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Digital Nervous System not Bill Gates' idea

Will the real DNS inventor please step forward

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Internet Security Threat Report 2014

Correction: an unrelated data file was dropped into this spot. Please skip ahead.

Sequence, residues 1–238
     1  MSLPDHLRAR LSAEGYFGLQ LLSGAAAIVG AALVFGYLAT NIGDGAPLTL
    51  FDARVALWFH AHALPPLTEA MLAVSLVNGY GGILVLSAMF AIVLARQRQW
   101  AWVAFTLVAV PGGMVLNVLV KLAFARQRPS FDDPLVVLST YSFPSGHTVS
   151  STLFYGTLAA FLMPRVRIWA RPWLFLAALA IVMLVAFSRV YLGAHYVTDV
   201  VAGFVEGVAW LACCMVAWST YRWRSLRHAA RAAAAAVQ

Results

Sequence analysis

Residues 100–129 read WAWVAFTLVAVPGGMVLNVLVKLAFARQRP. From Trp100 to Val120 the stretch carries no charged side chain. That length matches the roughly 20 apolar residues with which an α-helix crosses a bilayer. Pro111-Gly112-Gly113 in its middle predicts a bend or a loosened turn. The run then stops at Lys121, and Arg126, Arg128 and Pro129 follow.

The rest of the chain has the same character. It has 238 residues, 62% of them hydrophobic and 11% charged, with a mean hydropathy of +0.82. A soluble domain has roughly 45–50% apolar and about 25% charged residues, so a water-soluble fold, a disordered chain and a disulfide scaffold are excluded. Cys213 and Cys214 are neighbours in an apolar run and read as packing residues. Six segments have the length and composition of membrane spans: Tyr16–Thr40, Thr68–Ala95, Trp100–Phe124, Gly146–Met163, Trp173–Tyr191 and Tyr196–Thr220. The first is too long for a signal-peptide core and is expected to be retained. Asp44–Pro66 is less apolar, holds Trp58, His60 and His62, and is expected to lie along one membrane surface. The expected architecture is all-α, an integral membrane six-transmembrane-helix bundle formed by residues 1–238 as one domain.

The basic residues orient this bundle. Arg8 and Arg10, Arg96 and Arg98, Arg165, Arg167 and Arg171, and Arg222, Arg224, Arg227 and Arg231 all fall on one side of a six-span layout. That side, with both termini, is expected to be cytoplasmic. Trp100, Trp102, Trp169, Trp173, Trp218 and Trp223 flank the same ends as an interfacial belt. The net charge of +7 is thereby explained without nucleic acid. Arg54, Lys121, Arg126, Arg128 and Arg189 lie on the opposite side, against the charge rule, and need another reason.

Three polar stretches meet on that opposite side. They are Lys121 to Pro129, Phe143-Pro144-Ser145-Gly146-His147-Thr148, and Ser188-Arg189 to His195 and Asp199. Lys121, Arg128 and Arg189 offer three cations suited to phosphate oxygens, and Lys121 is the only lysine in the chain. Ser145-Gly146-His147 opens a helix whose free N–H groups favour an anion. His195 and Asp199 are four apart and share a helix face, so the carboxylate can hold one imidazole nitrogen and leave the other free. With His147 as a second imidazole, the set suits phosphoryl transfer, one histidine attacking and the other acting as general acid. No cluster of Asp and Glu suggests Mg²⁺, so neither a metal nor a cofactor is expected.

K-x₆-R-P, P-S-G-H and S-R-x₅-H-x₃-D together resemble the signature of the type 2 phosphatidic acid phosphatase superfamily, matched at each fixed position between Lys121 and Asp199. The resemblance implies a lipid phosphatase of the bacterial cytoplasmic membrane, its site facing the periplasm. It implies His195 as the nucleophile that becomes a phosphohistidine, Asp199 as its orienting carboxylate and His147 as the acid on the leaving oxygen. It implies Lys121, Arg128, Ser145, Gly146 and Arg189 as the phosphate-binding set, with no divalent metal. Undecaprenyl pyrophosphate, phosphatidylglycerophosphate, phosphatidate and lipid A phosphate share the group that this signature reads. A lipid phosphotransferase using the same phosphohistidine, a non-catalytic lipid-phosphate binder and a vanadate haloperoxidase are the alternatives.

So who invented the "digital nervous system"? Sit down, Bill Gates -- you first mentioned it in May 1997 when you said: "I want to talk about what I call the digital nervous system." By the way, did you see the account at www.c3f.com/nty0728.html? Let's deconstruct this digital nervous system of yours. Judith Dayhoff wrote about the idea in 1990 in her book Neural Network Architectures, and she probably wasn't the first. In the literature for grown ups, it's mostly referred to as neural networks, and as just about everything is digital nowadays, we needn't pay much attention to the digital part of DNS. Just to fill you in, neural networks are an evolutionary response to the physical and chemical conditions of an organism. In trying to apply the concept to computing, you come unstuck very quickly because you can't validly compare a system where the outcome is determined by logic and the information content, with a system where the outcome is determined by evolution. To put it more simply for you, it's not even apples and oranges: it's apples and bicycles. You need to get stuck into some cybernetics and neurological texts, and not rely on Encarta, if you want to understand notions such as feedback and neural networks properly. When you realised that IBM and Oracle call on 8000 to 10,000 enterprise customers and prospects worldwide, and then found that Microsoft only called on 2500, you needed a way of opening doors for all those new, inexperienced people that you hired for additional marketing. You wanted a way to suggest that Microsoft had something to offer at an enterprise level, some insight into corporate management and systems: perhaps you even thought you could pass off DNS as a corporate vision? You wanted these new sales people to be able to offer to build a digital nervous system for a company, even though neither you nor they had the slightest idea what that would be (other than a full set of Microsoft software, of course). So this nonsense of the digital nervous system is just a sales gimmick, supported by an intellectual vacuum. Now let's fill you in on another use of DNS that pre-dates your effort. In a move that was intended to strengthen the position of European manufacturers and to redress the negative trade balance in Europe, Siemens-Nixdorf, Bull and Olivetti -- echoing an earlier move by Siemens and ICL, but this time without ICL which had become owned 80 per cent by Fujitsu -- founded software laboratories in Munich, Naples and Paris. In June 1992, Trans European Information Systems (TEIS) was founded, headquartered in Brussels, with the legal status of a European Economic Interest Group (EEIG). It was alternatively known as the European Nervous System (ENS) project -- a form of legal cartel. We can forgive those whose mother tongue is not English for using silly names like DNS, even informally. So please, let's have no more of this DNS. Let's stick to real products, not NotionlessWare. ®

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